There are three changes that—if implemented by Congress—would improve enforcement of the Civil Rights Act for the better, giving victims including LGBTQ workers more power to hold employers accountable for wrongdoing.

First, Congress should extend the time period for employees to file complaints with the Equal Employment Opportunity Commission, the federal agency tasked with enforcing anti-discrimination laws. A victim of workplace discrimination has only 300 days (and in some cases, just 180 days) to file with the EEOC before losing their claims forever. Though that may seem like a lot of time, keep in mind that both state and federal law allows most other claims to be brought years after the fact. Someone who has been fired for discriminatory reasons or sexually harassed at work is often knocked sideways by it, needing to find another job, under constant pressure and most likely not having a lot of spare cash to hire a lawyer. Contract claims normally can be filed up to six years after the dispute, and claims can be filed two or three years after a car accident. It doesn't make sense to restrict employment claims to less than a year.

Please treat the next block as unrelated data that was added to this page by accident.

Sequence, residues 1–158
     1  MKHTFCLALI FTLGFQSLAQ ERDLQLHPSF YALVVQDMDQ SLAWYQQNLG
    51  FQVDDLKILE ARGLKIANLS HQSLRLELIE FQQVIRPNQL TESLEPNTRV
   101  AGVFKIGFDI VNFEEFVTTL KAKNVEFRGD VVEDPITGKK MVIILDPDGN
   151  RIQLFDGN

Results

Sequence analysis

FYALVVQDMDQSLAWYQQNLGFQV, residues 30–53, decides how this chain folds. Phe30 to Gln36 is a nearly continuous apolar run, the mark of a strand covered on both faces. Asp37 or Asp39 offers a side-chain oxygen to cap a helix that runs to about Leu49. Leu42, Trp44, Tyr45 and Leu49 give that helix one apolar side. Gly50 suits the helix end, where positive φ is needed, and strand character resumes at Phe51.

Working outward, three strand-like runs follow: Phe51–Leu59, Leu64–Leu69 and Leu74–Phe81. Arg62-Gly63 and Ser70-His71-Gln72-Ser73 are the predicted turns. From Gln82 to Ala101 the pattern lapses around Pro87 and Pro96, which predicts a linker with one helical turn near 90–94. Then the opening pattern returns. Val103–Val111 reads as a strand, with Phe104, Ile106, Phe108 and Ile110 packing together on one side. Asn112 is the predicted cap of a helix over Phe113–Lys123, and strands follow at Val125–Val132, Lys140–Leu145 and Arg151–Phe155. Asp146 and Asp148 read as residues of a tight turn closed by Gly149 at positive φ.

Second, Congress can expand the narrow definition of discriminatory harassment that now denies many victims justice. To win a claim of harassment under Title VII, employees currently must prove that they were subjected to a hostile work environment so "severe or pervasive" that it materially worsened their conditions of employment. While this standard prevents lawsuits based on employers' insensitive but ultimately inconsequential conduct, it can also cut off genuine victims of subtler forms of harassment. For example, if an employee is able to "power through" a colleague's repeated and gross sexual harassment without her work suffering, she will have trouble showing that it mattered enough to warrant the law's protection. No victim should be denied recourse because of her fortitude.

LGBTQ rights Supreme Court Stonewall